In our recent chapter on the topic, we find two main elements explaining why MEPs from the Greens-EFA group nevertheless often come to vote together: strategy and organisation. First, the Greens have developed a specific strategy aiming at maintaining the group’s unity by focusing on non-contentious issues among national delegations. This seems to be in line with the idea of a ‘mellowing’ of fundamental Green values and issues (Bomberg, 2002) rather than the development of a pan-European Green ideology as such. Our interviews suggest that the cohesion of the Greens is related to the group’s ability to leave aside more problematic matters and focus on consensual issues such as: ecology, the integrated approach of environment in other policy fields, peace and more diffuse policies related to ‘good governance’ concerns (such as data protection, transparency). At least in part thanks to this strategy, the Greens have been the first party at European level to run on a common platform for EP elections.

Second, the group’s organization is key to ensuring its cohesion. We argue that the Greens’ cohesiveness revealed by the roll call votes is at least partially explained by structural discipline mechanisms. This discipline does not echo the group’s general characteristics but rather its organizational specificities and level of institutionalisation. Although the Greens/EFA group cannot be considered one of the major groups, its organisation is very similar and plays a key role in its cohesiveness. The group has two deputy secretary generals who work at maintaining contacts with MEPs, policy experts, its co-Presidents and external actors. The group’s cohesion appears to be among their priorities. It also holds regular meetings as well as thematic working groups to define the common line. And all key political decisions are taken by the Bureau where ‘a common language’ is defined, especially when the position of the group is not self-evident. Furthermore, the Greens have adopted a co-presidency system and the leadership also plays a key role in ensuring the group’s political unity. The analysis of the frequency of contact shows that the Greens/EFA MEPs indicate a higher contact frequency with their group leaders than with national Ministers, members of their national political party or members of their national party’s executive. Moreover, our research has found that Greens/EFA MEPs also indicate a higher frequency of contacts with their group leader than MEPs from any other political group.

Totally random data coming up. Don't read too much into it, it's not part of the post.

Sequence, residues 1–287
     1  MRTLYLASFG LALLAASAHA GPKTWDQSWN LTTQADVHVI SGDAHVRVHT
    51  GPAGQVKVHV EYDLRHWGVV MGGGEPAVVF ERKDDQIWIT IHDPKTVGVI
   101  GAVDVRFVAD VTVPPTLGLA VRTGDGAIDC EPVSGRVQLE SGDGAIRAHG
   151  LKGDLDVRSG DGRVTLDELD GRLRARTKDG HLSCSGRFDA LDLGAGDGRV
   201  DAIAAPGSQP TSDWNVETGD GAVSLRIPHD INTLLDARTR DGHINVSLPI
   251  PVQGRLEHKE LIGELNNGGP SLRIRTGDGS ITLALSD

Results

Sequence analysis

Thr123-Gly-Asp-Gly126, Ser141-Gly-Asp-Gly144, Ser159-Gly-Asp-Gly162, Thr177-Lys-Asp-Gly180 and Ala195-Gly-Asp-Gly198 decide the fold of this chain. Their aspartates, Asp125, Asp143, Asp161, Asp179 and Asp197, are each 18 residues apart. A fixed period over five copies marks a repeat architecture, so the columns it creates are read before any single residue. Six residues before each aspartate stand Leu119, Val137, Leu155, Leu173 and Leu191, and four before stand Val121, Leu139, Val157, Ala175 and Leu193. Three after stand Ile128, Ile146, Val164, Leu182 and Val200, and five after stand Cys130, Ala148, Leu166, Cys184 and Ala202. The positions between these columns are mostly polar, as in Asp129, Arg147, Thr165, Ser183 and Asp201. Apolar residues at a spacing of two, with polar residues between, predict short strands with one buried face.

The patterns in terms of voting recommendations reinforce this idea. Group leaders dispense voting recommendations on specific policy issues. Greens/EFA MEPs indicate that they received voting recommendations from the group leadership more frequently than from other sources (the national government, national party leadership, national party delegation of MEPs, or EP committee leadership). The frequency of voting recommendations from the group leadership is also higher according to Greens/EFA MEPs than to their colleagues from other political groups.